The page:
From: Rakesh Bhandari (email@example.com)
Date: Mon Mar 03 2003 - 13:54:32 EST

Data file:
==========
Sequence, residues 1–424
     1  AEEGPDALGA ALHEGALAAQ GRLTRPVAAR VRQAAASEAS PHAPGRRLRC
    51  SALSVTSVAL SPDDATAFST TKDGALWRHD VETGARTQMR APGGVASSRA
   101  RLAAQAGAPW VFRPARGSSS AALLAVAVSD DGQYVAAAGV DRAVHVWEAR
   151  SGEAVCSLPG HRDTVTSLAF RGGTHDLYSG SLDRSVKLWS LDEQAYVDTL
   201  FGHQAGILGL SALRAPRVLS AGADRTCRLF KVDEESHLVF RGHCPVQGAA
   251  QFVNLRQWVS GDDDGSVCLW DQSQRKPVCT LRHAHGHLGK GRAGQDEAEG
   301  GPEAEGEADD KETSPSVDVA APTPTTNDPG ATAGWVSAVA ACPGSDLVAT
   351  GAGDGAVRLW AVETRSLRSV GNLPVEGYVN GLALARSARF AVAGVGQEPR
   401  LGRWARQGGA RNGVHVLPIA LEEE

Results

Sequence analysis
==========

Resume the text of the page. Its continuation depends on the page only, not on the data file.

Dear Ian, I have not yet read your paper. It seems however that it does critique propositions which I put forward in July, 2002 on this list. Let me ask first how you are defining a simple commodity economy. I referred to Weeks' discussion of patriarchal agrarian households which largely self subsistent only alienated surplus commodities. But it seems to me that this would not count as a case of simple commodity production for you since SCP involves complete specialization and interdependence? If so, this raises the question of whether it makes sense to speak of such specialization and interdepedence in the absence of social classes. I do have my doubts. Yours, Rakesh Here's my old post: X-Sender: firstname.lastname@example.org Date: Thu, 25 Jul 2002 11:02:35 -0700 To: email@example.com From: Rakesh Bhandari <rakeshb@Stanford.EDU> Subject: [OPE-L:7465] Simple commodity production Reply-To: firstname.lastname@example.org Sender: email@example.com re Andrew T's 7464: >Rakesh. >Though an ope-l user I have missed this discussion about C-M-C. To pick up >on Chris Arthur, Marth Campell, Fred Mosely' s arguments that it is >capitalist, do I need to look at old ope-L files, or is it in their (your, >if your reading) published writings. I would like to study these and make a >reply. > >Just off the cuff, I am sympathetic with Gil's argument that Marx does have >a method of starting out with simple (unrealistic assumptions), like the one >that prices=values. Simple reproduction is another stage in the complexity.I >can't understand why you are frightened of simpe commodity production. Not frightened. Just don't think law of value in direct form (that is prices tending to be proportional to values) would have regulated simple or petty commodity production (self proprietorship) to the limited extent that it existed historically. This is an Engels-Meek fantasy which has been effectively criticized in my opinion by Weeks. Assume those engaged in simple commodity production are patriarchal agrarian households. As Weeks argues (Capital and Exploitation, pp. 37ff), there would be no compulsion for such units to alienate commodities at value and thereby realize the surplus labor embodied therein. First, the basis for accumulation which could result from the capitalisation of potentially realized surplus value is severely limited by the size of the family. Second, failure to sell at value would not jeopardize the reproduction of the largely self-supplying natural unit. It is exactly because simple or petty commodity producers or colonial settler peasantries are not regulated by the law of value in any form and thus willing to market physical surpluses at arbitrary prices that they pose a threat to the development of capitalism which alone is regulated by the law of value. I have quoted this passage a couple of times before: "Two different aspects must be distinguished here. First, There are the colonies proper, such as in the US, Australia, etc.Here the mass of the farming colonists, although they bring with them a larger or smaller amount of capital from the motherland, are not *capitalists*, nor do they carry on capitalist production. They are are more or less peasants who work themselves and whose main object, in the first place, is to produce *their own livlihood, their means of subsistence. Their main product does not become a *commodity*, and is not intended for trade. They sell or exchange the excess of their product over their own consumption for imported mgf commodities, etc. The other, smaller section of the colonists who settler near the sea, navigable rivers, etc. form trading towns. There is no question of capitalist here either. Even if capitalist production gradually comes into being, so that the sale of his products and the profit he makes from this sale become decisive for the farmer who himself works and owns his land: so long, as comparedwith capital and labour, land still exists in elemental abundance providing a practically unlimited field of action, the first type of colonisation will continue as well and production will therefore *never* be regualted according to the needs of the market--at a given market value. Everything the colonists of the first type produce *over and above* their immediate consumption, they will throw on the market and sell at any price that will bring in more than their wages. They are, and continue for a long time to be, competitors of the farmers who are already producing more or less capitalistically, and thus keep the market price of the agricultural product *below* its value... "In the second type of colonies--plantations--where commercial speculations figure from the start and production is intended for the world market, the capitalist mode of production exists, although only in a formal sense, since the slavery of Negroes precludes free wage labour,which is the basis of capitalist production. But the business in which slaves are used is conducted by *capitalists*. The method of production, which they introduce has not arised out of slavery but is grafted on to it. In this case the same person is capitaist and landowner. And the *elemental* [profusion] existence of the land confronting capital and labour does not offer any resistance to capital investment, hence none to the competition between capitals. Neither does a class of farmers as distinct from landlords develop here. So long as these conditions endure, nothing will stand in the way of cost price [by which we understand price of production--rb] regulating market value." TSV, part II Moscow, pp. 301-3 > Thuis >seems to be extremely useful in defining what capitalism is and isn't. Why >does it have to be capitalist? Its difficult to see on the email where you >are coming from. So as I understand Marx the law of value does not regulate pre capitalist modes of production--in particular petty commodity production the historical existence of which is questionable--in some simple, direct or unmediated form while an indirect form of the law of value (i.e., prices of production) regulates capitalist production. It is of course possible that in early capitalism the law of value operated less indirectly than it would as capitalism developed. But this is a different claim than a direct law of value regulated pre capitalist petty commodity production. I think Marx makes the first claim; Engels the second. Marx may be right; Engels seems not to be. That is, the law of value has only ever regulated production in an indirect form. Adam Smith on the other hand recognized the regulatory power of the law of value only in the direct form of beaver-deer exchanges in pre capitalist modes of production.